Commercial banks are still struggling with the low interest
rates that have been hammering their profitability for several years. And
unlike their Wall Street rivals, many regional and community lenders can’t
count on the strong deal and trading activity that has boosted first-quarter
earnings at the likes of Goldman Sachs Group Inc. and Morgan
The low rates, which have stuck around longer than many
expected, hurt bread-and-butter lenders who gather deposits and make loans. The
reason: Such banks, although flush with deposits, can’t earn a high enough rate
on loans to boost their profit margins. There appears to be little relief in
sight: In the futures market, bets that the Federal Reserve will keep
short-term rates close to zero have been increasing in recent weeks amid choppy
economic data and lackluster corporate earnings growth.
On Tuesday, Birmingham, Ala.-based Regions Financial Corp. became
the latest bank to report strains in the first quarter from persistently
low interest rates. The average yield on its loan portfolio fell to 3.45% from
4.03% a year ago. Overall loans increased, but at a slower pace than their
growth in deposits. The issue that has befallen regional banks but that has had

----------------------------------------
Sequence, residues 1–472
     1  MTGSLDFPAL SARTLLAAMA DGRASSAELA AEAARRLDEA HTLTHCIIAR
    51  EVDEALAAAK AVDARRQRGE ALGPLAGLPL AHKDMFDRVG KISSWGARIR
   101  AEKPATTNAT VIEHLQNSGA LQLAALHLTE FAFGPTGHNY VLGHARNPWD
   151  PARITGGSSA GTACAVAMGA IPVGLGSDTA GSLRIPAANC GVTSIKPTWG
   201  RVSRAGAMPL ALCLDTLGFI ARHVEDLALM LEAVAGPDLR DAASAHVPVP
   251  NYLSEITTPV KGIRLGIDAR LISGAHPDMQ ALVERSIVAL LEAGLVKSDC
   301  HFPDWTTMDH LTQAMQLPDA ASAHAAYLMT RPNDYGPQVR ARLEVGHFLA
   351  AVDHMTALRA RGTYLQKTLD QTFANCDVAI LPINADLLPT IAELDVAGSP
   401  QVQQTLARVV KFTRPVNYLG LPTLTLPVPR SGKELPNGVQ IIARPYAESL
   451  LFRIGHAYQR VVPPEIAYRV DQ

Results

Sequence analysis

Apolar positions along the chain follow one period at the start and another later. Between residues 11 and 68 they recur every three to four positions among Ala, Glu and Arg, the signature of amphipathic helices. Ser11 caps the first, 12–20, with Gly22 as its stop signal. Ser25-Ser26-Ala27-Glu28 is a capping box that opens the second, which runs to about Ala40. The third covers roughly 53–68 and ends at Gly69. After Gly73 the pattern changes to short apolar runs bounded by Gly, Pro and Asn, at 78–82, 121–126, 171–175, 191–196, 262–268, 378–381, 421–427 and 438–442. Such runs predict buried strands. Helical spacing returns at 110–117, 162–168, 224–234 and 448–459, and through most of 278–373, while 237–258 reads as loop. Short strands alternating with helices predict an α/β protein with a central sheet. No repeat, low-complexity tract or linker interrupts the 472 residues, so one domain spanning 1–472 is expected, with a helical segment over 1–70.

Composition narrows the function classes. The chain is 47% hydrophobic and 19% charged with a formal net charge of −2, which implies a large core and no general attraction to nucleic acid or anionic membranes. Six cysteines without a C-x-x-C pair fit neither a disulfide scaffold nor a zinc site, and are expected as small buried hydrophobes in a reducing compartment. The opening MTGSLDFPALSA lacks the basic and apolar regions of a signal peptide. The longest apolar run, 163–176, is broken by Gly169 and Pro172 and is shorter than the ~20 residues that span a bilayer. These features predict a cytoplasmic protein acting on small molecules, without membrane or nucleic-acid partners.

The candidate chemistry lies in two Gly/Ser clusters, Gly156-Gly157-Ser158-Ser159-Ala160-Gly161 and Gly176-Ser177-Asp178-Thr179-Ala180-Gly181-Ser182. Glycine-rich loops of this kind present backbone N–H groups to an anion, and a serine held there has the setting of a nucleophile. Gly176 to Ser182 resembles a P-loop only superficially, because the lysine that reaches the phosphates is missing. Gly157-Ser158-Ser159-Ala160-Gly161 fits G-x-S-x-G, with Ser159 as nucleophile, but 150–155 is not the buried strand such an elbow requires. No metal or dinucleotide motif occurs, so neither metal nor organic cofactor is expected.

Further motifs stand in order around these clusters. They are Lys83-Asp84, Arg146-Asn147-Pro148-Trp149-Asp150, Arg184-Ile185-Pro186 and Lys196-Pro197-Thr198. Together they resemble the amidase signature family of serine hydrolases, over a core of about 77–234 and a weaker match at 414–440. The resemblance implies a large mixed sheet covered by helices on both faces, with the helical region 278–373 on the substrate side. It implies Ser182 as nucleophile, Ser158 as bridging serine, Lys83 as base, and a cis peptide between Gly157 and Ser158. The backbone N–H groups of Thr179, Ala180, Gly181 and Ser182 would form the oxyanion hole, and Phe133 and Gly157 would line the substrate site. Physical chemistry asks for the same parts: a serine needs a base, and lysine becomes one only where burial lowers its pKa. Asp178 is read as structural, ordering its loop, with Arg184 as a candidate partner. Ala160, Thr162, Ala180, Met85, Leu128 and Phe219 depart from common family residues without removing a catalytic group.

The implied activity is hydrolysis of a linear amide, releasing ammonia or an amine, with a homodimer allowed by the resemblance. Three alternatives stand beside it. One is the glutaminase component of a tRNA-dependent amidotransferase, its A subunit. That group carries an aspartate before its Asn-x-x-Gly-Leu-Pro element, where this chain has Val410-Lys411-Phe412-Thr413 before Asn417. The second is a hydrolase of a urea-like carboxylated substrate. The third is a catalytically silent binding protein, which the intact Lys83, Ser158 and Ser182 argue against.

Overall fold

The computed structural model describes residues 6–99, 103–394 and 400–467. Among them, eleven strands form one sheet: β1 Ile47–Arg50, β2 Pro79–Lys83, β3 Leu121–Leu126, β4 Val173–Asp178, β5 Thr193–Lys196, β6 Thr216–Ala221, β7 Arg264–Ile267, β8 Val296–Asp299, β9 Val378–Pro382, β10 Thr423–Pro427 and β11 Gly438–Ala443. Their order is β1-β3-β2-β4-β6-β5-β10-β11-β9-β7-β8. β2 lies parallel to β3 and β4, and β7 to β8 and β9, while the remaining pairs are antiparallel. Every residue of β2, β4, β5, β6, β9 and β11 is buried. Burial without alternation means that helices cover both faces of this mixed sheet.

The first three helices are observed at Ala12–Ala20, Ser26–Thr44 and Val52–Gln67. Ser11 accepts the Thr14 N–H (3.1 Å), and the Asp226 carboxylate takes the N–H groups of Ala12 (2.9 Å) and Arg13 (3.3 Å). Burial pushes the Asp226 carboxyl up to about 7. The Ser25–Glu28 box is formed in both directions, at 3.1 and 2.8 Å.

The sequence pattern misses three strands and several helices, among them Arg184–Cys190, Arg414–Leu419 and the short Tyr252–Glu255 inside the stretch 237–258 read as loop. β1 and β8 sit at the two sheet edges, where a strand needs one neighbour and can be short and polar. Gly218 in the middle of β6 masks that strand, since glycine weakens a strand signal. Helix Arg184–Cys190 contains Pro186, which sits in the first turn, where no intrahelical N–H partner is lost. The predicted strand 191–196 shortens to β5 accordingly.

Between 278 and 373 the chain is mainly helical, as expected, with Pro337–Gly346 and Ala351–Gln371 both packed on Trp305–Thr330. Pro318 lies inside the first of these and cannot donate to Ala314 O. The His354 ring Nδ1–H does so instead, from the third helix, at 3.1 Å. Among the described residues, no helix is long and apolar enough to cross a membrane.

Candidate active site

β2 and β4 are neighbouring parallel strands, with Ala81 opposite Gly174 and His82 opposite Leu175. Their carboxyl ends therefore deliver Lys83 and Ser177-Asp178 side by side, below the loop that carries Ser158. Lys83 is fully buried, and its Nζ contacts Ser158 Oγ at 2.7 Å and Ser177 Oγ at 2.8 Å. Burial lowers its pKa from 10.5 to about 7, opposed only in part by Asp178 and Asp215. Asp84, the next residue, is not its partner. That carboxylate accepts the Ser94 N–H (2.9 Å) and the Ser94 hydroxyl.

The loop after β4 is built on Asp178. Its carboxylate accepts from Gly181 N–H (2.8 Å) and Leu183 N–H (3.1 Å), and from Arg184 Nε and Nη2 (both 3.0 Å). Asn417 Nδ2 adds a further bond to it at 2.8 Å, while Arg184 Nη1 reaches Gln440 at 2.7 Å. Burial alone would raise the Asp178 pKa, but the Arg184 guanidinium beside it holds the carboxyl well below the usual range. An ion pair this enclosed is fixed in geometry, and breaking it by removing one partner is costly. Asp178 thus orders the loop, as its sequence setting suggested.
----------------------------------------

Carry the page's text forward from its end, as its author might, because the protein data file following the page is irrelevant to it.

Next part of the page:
little effect on Wall Street giants is an influx of customer deposits and a
dearth of profitable places to put them. That has put continued pressure on one
of the most closely watching measures of lenders’ profitability: net interest
A bank’s NIM takes into account how much the lender earns
from putting deposits into loans or securities. On average, U.S. banks with
more than $10 billion in assets had a net interest margin of 2.97% in the
fourth quarter of 2014, the lowest level in nearly 25 years, according to the
Federal Deposit Insurance Corp.
Six of nine big commercial banks that have reported earnings
so far this period, including Wells Fargo & Co. and PNC Financial
Services Group Inc., logged first-quarter margins below their
fourth-quarter level. It was a different story at Goldman, Morgan Stanley and J.P.
Morgan Chase & Co., all of which in recent days reported profits above
analysts’ expectations. Following Goldman’s and Morgan Stanley’s earnings
releases, bank analysts at Nomura Holdings Inc. revised their
estimates 2015 earnings at each company about 8% higher.
Regardless of size, investors are staying away from some
banks that are viewed as sensitive to interest rates. Bank of America Corp. and
Regions, two banks with a lot to gain from higher rates due to the nature of
their loan portfolios, are the worst performers this year in the KBW index of
bank stocks. Their shares are down 13.4% and 9.3% respectively.
Some banks, including Regions, are even looking at emulating
their Wall Street peers by bulking up their wealth-management and
capital-markets divisions. Wealth-management divisions collect fees and
commissions for advising wealthy individuals, while capital-markets divisions
help companies sell stocks and bonds to big institutional investors.
here to access the full article on The Wall Street Journal.